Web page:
The World Exhibition has been around for over 150 years and been arranged in several important cities. Many would say that these cities are considered to be power centres of their contemporary, just look at the examples. In 1851, when it all began, it was held in London, the centre of the British Empire. In 1899, it was held in Paris. At that time, as well as earlier and later, one of the most influential cities of literature, art and philosophy. In the 1933 it was arranged in Chicago. Other cities include Brussels, New York, Barcelona and Lisbon. This years another nation has got the possibility and responsibility of hosting the Expo. Shanghai and China are the proud hosts of this years world attraction. Beckoning people from all over the world, and with massive commercials targeted on its own population China hopes to break two records this year: most visitors and largest expo area.
Yesterday, at least I, could recognise that this is the biggest fun fair/exhibition/trade arrangement I have ever been to, with some of the over 150 pavilions individually being bigger than my biggest so far experience. There would be wrong for both parts to compare the Norwegian educational fairs with the WORLD EXPO, but the latter’s size goes beyond imagination. During our stay at the expo we got ourselves a little passport to collect stamps from the different participants. We got trough 12 pavilions where we got stamps, and one stand which didn’t have a stamp at the moment of our visit. The countries were in general located geographically, but a fun observation we found on our Axis of Evil Expo Tour ™ was that Democratic Republic of Korea and Islamistic Republic of Iran both were located in their own corner. Both stands telling a story about their culture and identity more than better city, better life which is the main focus of The World Expo 2010. North-Korea claimed to be a paradise for people, and Iran a place where empathy, justice and fairness prevail. Iran did also have a model of an atomic power facility. Luckily both countries did also focus on some of their more human features, such as their deep roots in pre-revolutionary history and their people, who is often forgotten in the political power play. From the North-Korean pavilion I got two books, one explaining the historical events important for their existence and ideology, and one just explaining their ideology. I look forward to read these and to learn more about how a nation built on military powers and in the name of the workers and farmers can still exist after the Cold War, standing alone on the more and more globalized world arena. We also tried to find the Iraqi pavilion, but where it was meant to be we only found several bunkers for the local security staff.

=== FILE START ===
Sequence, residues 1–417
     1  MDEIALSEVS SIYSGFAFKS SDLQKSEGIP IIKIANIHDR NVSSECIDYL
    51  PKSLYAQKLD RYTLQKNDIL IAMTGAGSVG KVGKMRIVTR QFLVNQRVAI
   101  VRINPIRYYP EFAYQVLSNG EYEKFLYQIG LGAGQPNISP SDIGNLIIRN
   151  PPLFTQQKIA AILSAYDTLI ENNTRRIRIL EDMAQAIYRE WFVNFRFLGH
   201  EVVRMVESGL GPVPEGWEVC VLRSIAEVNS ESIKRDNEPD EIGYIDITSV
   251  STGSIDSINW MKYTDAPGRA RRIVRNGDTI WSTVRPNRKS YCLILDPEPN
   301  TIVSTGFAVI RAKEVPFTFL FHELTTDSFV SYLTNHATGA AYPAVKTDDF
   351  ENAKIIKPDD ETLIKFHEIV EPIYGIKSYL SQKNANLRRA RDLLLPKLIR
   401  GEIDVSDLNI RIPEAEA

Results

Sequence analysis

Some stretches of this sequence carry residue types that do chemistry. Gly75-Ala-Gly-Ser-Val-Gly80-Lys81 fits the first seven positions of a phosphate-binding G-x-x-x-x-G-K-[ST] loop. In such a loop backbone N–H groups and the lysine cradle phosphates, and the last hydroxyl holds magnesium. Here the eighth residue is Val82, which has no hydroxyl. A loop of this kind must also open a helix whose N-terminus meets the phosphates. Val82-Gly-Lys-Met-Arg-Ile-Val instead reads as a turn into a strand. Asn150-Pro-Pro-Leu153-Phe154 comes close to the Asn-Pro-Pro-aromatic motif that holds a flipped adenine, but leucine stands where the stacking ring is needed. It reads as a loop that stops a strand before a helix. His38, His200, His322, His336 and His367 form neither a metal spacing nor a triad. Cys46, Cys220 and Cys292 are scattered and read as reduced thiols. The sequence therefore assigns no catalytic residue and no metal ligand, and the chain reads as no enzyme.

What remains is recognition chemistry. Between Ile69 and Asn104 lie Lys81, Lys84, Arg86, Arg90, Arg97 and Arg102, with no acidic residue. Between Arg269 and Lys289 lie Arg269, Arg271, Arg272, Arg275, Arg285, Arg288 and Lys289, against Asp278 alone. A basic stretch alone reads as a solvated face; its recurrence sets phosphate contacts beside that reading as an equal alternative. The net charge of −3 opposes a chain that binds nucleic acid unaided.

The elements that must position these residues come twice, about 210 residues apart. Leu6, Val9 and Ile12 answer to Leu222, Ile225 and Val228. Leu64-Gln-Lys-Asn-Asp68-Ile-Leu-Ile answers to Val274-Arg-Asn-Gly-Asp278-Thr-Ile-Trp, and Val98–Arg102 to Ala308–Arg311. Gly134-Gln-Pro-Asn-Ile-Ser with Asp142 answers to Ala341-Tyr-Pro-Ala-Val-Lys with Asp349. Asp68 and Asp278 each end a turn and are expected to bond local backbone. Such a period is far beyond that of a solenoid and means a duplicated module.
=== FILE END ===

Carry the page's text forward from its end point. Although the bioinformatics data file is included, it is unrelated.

During our first hours we did also visit Israel, where we were shown a short film about technology – mainly within micro-computing, water extraction and purification, but also within aerospace and medicine. After our visit to the middle east we went through Turkmenistan to Nepal. While many of the other countries were focusing on technology, pipelines, industry and existence Nepal choose to show some of their rich and beautiful culture. With a pavilion, not shaped as a spaceship or a pokémon as many other pavilions, rather as a Nepalese temple it gave a short brake, and time to perceive some of the detailed handmade artworks.
On our way back to Europe – as in the exhibition area, and not the continent – we went through the UN, who in an interesting way presented different statistics about countries and presented their work as the one organization working for you and at the same time being the most international organization, or to express it with the UN’s own words “One world. One UN”.
Going from Asia – excluded China, Chinese foreign territories and Japan – to the Europe section clearly shown how the economic resources in the world is divided. Not that many of the Asian pavilions were not impressive, it is just that the European ones were bigger, had more installation and a more expensive touch. Not that this is a success criterion, it just points out who that spends most money. In “Europe” we first got some frites from the Belgian pavilion, then we went to the Norwegian – powered by nature – which was made in wood and shown films that looked like a manifestation of the visitnorway.com graphical guidelines. I liked it. The most amazing European pavilion, I would say is the Dutch, reminding me of old city fantasies from my childhood with an elevated street going trough a “tree-house-town”.
One day at the Expo is clearly not enough, but if you want to see it all and catch all the stamps, you should get going. The expo is just opened until the end of October and you will need a week or more if you want to get through it all, and remember the queues are insane and in order to get to some of the pavilions you need to make a reservation to get in.
Here are some pictures I took at the Expo. The illustrating picture is not from the expo but from one of the many installations around in Shanghai containing the mascot and the logo of the World Expo. Enjoy.